(b. 16 February 1955 in Portland, Oregon; d. 28 June 1996 in Santa Monica, California), fashion model and actress who was a granddaughter of the novelist Ernest Hemingway.
Hemingway was the second of three children of John (“Jack”) Hadley Nicanor Hemingway, eldest son of the writer Ernest Hemingway and a stockbroker, writer, conservationist, and sport fisherman, and Byra (“Puck”) Whittlesey Whitlock, an airline employee. Her given name at birth was Margot Byra Hemingway. Hemingway’s early childhood was lived somewhat in the shadow of her famous grandfather, and, as her father sought to make a career in the securities business, the family moved from Portland, Oregon, to Havana, Cuba; Mill Valley, California; and finally Ketchum, Idaho, where they settled when Margaux was twelve years old.
In 1962, in the aftermath of the sensation caused by the suicide of her grandfather, Margaux was first afflicted with the epilepsy that would trouble her all her life. She also suffered from dyslexia, which made her indifferent about school and more interested in a variety of outdoor activities, including skiing, hiking, and fishing. Learning from her parents that she was conceived over a bottle of Chateau Margaux champagne, she adopted the -aux ending of her name.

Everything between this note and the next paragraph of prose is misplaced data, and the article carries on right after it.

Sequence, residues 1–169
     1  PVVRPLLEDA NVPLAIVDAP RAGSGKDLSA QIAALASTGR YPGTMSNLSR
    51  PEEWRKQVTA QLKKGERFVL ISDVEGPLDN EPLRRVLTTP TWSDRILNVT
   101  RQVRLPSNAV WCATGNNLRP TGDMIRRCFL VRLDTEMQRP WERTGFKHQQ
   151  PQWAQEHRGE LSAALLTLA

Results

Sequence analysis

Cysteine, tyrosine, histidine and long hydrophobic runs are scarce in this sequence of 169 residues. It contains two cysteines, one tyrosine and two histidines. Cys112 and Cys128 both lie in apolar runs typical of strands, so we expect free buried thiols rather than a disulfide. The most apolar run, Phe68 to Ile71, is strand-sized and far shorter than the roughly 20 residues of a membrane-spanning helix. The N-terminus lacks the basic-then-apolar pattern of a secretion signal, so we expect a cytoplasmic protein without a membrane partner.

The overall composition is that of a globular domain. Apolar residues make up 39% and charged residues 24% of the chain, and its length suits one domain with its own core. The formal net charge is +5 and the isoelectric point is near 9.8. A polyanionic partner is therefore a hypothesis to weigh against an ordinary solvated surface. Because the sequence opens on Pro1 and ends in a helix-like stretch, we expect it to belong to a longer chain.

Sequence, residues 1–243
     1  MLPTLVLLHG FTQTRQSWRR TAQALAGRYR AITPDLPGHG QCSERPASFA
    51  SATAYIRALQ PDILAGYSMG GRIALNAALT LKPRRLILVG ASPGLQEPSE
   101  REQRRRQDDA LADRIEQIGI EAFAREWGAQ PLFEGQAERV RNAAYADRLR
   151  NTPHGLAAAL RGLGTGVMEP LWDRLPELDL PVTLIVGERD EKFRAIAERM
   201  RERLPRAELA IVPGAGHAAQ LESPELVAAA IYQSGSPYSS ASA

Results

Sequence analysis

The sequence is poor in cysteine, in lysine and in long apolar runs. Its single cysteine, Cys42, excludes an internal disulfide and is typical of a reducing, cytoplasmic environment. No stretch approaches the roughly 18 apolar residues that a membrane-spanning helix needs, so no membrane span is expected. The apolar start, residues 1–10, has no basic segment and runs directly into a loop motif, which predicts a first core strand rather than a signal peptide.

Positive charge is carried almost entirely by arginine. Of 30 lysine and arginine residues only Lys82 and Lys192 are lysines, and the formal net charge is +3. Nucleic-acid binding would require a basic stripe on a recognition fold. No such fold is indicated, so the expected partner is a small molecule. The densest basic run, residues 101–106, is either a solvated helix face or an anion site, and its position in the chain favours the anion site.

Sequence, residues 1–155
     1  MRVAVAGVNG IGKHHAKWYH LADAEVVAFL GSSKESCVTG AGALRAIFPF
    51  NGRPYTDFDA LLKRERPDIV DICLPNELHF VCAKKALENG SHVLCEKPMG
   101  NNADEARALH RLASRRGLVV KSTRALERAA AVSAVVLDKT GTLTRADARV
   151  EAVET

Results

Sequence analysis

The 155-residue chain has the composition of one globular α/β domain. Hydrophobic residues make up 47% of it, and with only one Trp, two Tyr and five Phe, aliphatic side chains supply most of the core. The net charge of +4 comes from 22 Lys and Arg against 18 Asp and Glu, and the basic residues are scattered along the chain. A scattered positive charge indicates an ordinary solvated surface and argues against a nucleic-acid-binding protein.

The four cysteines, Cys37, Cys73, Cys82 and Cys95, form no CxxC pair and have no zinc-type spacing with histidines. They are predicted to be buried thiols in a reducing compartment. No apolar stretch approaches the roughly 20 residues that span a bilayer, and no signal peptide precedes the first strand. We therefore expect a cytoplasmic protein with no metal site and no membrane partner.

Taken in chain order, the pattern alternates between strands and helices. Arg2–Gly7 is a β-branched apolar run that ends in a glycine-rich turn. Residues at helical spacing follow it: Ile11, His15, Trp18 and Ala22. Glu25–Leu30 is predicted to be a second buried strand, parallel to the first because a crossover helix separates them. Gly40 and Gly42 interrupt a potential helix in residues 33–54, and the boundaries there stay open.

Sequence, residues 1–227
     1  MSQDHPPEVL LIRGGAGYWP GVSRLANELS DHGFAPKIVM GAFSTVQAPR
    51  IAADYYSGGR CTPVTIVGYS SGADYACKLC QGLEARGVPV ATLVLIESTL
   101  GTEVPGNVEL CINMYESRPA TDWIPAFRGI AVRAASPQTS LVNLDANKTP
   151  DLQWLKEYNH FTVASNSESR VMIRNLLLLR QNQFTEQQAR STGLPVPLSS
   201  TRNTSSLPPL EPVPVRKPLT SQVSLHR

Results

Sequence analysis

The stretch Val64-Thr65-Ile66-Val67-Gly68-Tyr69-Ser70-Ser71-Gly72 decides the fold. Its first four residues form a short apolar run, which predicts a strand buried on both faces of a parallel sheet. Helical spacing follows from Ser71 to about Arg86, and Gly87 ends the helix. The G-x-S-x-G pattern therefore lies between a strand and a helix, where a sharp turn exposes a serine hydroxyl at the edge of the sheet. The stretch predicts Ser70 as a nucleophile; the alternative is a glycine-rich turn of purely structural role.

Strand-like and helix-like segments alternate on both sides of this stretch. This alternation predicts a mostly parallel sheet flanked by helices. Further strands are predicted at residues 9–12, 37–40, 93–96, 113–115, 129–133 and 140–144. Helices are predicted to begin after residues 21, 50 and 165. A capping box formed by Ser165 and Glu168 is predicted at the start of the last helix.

Around 1973, having dropped out of high school, she joined a friend in a local public relations firm; during a trip to New York City, her striking looks, six-foot frame, husky voice, and famous name attracted the attention of Errol Wetson, founder of a hamburger chain. Her star rose quickly: in the fall of 1974, Wetson introduced Hemingway to people in the fashion industry, including the photographer Francesco Scavullo. Acting as her manager, Wetson helped arrange articles, fashion spreads, and cover photos for her in Vogue, Town and Country, Sports Illustrated, Women’s Wear Daily, and People magazine. Wetson and Hemingway also became engaged during this time.